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If a producer is serious about optioning or purchasing the material, this type of search is crucial. Once a producer has determined what material he would like to pursue and the rights status has been ascertained, the next step is to try and option those rights. By optioning the material, the producer is gaining the right to acquire something by the subsequent payment of additional money. In most cases, a purchase agreement is negotiated at the same time as the material is optioned. At this time, numerous rights (including publication, television, videocassette, dramatic and merchandising) are discussed which all pertain to the future prospects of the material.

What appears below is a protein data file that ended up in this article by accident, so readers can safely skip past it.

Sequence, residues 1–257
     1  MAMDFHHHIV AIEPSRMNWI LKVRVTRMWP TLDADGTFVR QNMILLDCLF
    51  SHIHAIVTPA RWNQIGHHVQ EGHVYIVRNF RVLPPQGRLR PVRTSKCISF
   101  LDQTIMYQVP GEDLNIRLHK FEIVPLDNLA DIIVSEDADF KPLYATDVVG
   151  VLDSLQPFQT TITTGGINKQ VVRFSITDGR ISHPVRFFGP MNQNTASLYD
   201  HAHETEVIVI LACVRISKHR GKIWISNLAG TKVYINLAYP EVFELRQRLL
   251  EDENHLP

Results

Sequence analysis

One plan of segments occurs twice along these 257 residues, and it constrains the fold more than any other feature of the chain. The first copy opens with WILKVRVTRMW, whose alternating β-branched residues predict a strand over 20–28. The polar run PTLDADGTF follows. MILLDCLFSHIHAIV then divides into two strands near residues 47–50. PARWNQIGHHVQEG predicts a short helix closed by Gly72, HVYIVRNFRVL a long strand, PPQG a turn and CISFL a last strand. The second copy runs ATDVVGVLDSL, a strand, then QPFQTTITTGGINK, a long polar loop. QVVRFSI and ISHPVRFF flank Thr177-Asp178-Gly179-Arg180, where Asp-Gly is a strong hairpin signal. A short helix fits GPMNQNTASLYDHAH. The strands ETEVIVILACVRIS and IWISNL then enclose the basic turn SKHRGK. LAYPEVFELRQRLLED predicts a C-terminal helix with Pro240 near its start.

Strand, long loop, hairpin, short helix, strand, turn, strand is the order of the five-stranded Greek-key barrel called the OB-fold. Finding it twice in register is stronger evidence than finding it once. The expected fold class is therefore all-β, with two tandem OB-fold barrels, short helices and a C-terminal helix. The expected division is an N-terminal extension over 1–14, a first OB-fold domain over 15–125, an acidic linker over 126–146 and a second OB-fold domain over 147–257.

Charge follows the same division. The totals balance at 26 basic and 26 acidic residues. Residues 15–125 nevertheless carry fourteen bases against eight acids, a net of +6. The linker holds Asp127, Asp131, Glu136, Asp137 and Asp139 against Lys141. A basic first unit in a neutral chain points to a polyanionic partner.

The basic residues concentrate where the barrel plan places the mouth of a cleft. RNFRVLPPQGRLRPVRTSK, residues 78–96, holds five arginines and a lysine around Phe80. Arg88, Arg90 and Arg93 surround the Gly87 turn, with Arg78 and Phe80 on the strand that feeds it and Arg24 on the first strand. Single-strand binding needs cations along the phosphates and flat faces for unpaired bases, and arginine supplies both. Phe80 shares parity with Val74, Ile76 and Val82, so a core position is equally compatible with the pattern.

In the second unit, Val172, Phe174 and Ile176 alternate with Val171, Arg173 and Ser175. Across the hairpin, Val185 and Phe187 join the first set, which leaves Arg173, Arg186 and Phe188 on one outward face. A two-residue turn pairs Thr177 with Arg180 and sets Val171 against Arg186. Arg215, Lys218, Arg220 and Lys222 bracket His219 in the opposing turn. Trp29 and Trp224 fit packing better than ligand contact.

The producer will find out quickly that to option and purchase a script, a lot of legal matters will be involved. Option and purchase agreements are far from casual documents, and a lawyer's involvement may prove very helpful. Lawyers are obviously not cheap, but in the long run having a lawyer negotiate the contracts for you will save the producer a lot of time, confusion and frustration. An experienced entertainment lawyer will know exactly how to state things on paper and will be able to offer the producer many business guidelines to follow.